Among this crew was a film student at Chapman named Jason Wise. Jason and I had no clue at the time that Nico’s introduction would lead to anything but a friendship. But both of our lives would be transformed forever – strangely by those all-night ragers, emptying wine bottle after wine bottle. Inspiration is found in the oddest of places, even dingy man caves. Jason went on to direct the SOMM Films.
STEVE MATTHIASSON'S COMEDIC TIMING ON POINT WHEN TALKING SUSTAINABILITY
FALL 2009 – MAISON MOBILIZES
That wild chapter in our lives was destined to come to a close, but not before I introduced Michael and Alisha to Nico and Pavi, which, in alignment and orbit, is like a super moon of warmth and debauchery. I would move on to wine stints in Aspen and San Francisco. We would do our best to stay in touch, Michael and Alisha driving all the way out to Colorado to help me move – Nico and Pavi visiting. But after passing my MS in 2011, life started speeding up and we would see each other less and less…
I take a lot from our time together, but through it all was a steady stream of Napa Cab. It defined Orange County culture then, and we all worked in steakhouses. I remember vividly, Michael discussing old school Napa. He had grown up in Healdsburg in the golden era of 70’s/80’s winemaking, defined by lower alcohol, terroir-driven masterpieces. That era was as much nostalgia as it was pleasure, and in a more recent landscape that for so long was dominated by a heavier hand, the transparent, throwback style would remain in conversation…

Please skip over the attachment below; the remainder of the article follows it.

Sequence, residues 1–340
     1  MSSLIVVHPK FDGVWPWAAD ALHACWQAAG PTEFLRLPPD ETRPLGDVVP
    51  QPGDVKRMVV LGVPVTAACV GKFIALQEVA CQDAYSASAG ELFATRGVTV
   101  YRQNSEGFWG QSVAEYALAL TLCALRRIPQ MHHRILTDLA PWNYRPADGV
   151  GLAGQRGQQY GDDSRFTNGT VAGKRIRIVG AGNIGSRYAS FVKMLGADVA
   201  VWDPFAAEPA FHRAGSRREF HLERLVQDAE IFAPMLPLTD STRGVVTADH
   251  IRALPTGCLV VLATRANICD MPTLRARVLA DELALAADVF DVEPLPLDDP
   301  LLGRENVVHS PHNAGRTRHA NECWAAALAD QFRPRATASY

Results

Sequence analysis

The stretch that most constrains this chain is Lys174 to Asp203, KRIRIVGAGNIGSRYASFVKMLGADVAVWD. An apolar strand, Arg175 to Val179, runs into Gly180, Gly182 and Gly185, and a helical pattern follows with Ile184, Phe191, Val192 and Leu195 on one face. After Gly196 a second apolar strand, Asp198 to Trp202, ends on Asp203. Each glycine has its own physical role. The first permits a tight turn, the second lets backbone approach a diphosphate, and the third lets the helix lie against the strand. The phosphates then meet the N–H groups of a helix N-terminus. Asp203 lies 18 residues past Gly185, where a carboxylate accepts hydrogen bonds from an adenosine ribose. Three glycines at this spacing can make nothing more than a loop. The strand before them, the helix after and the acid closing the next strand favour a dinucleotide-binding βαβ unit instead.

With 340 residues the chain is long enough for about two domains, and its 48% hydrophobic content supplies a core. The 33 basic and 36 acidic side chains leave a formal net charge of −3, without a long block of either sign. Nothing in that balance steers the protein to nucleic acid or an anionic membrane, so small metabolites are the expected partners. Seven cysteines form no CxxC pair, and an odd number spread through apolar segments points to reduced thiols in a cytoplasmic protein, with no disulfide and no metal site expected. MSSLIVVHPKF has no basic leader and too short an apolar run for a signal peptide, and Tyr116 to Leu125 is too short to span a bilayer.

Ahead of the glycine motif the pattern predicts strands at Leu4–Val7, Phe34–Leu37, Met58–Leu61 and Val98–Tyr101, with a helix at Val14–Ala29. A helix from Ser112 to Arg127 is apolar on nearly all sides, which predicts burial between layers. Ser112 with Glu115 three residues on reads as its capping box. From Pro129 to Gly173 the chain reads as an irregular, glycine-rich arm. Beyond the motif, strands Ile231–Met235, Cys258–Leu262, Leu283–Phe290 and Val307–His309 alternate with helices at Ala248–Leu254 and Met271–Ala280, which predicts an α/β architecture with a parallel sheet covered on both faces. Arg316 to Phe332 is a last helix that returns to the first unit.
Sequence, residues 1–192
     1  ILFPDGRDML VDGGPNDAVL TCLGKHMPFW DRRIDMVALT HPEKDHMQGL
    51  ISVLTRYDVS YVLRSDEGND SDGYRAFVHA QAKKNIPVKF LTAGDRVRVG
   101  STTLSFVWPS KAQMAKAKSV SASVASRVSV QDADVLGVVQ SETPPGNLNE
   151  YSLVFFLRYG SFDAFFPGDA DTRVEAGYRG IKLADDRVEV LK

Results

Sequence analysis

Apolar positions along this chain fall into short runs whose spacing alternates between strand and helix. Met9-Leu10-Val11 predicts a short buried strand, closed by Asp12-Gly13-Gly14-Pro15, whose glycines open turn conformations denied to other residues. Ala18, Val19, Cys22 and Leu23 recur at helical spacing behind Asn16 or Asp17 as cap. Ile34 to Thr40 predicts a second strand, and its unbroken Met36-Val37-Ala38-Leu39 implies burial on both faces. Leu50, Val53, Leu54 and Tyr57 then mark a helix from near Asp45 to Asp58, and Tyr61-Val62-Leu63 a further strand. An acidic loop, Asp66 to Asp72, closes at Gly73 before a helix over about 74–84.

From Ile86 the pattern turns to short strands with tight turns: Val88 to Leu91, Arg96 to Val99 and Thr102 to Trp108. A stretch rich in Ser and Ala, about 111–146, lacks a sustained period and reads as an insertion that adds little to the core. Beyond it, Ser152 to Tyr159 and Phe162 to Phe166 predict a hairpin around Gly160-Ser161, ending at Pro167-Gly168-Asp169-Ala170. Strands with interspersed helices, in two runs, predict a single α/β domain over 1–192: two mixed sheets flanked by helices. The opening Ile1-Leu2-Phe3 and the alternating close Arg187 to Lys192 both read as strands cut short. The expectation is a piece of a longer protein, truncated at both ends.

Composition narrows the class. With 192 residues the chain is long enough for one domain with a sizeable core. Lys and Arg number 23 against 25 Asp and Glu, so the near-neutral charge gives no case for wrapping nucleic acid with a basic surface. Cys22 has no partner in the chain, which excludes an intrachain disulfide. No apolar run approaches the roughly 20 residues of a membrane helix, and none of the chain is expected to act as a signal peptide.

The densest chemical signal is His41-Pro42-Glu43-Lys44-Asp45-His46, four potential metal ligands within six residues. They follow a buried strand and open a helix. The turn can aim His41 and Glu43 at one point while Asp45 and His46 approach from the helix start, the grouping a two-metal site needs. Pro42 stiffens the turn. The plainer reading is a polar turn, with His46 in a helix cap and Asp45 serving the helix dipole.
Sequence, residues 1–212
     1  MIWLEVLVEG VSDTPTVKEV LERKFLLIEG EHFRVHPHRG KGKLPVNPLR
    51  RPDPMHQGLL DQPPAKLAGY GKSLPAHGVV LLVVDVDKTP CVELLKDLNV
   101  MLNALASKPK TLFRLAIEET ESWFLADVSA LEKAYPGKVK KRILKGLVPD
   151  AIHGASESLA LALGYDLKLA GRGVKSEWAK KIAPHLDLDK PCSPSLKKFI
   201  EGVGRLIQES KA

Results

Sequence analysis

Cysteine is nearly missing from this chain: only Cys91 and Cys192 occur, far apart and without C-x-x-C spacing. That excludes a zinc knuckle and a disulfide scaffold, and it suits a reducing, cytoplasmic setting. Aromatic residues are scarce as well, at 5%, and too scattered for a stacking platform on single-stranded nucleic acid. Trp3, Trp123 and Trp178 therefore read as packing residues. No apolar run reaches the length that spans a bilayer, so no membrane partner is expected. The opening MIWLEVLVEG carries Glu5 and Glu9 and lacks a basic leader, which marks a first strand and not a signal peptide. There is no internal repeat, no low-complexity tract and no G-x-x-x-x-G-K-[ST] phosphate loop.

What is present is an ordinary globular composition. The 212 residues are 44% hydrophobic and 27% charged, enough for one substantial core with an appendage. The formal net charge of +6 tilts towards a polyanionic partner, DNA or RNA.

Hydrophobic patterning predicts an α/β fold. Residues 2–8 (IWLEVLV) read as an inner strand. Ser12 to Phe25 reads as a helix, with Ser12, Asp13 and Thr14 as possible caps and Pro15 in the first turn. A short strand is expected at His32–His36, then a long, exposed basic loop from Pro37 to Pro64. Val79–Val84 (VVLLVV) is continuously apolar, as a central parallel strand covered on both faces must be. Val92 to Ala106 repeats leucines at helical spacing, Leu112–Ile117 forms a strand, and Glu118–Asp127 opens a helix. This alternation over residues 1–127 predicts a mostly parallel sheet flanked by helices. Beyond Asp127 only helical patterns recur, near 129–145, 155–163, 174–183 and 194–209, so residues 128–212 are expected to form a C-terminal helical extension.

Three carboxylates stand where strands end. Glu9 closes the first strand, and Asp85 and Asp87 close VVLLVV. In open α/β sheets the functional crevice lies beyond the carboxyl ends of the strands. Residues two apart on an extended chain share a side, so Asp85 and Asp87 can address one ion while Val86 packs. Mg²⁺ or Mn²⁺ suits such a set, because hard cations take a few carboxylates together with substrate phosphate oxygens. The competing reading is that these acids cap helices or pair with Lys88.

NICO AND 2ND CROPS...
SEPTEMBER 18TH, 2013 – SOMEWHERE IN THE INSTASPHERE…
There is plenty of love/hate with social media, but the truth is I would not have Viticole without it. That one little Instagram post on May 1st 2016 redefined what I thought this business could be.
Nearly 3 years before our launch, Steve Matthiasson acquired some extra fruit and threw his own ‘gram into the void:
“HAVE A FEW EXTRA TONS OF MATTHIASSON COOMBSVILLE CABERNET AVAILABLE TO SELL AS FRUIT OR WINE…”
The first to respond was Michael Villas. He and Steve had bonded on a prior visit to the winery…
MICHAEL: “@matthiasson_wine I’m interested”
STEVE: “@mcvillas shoot me an email email@example.com”
And just like that…Maison d’Amis was born.
SUMMER 2017, MARIN COUNTY – ENTER VITICOLE
I had heard about what happened to Michael and crew when the earthquake hit in ‘14. Here’s the transcript from his side of the fence:
“I was up around 4am for a catering event and Alisha was on Instagram, having been woken up by the smell of garlic (I was roasting tomatoes). Somewhere around 5am Alisha said there was an earthquake in Napa and that it looks pretty serious. I called Steve to see if he was ok, he was pretty shaken up and said his chimney had fallen over and said he would call me back. He called 15 min later and said wine was flowing like water from the winery and sent me the pic of all the barrels crushed and toppled over. We went up a week later because they were not letting anyone in the winery because of danger of barrels falling over, it literally looked like pickup sticks.“
When I visited Michael and Alisha last summer, it would be the first time tasting what was left of this cab from the fabled earthquake vintage. I didn’t know what to expect and I honestly did not come over looking for a Viticole offer. I just wanted to taste a friend’s wine and hang.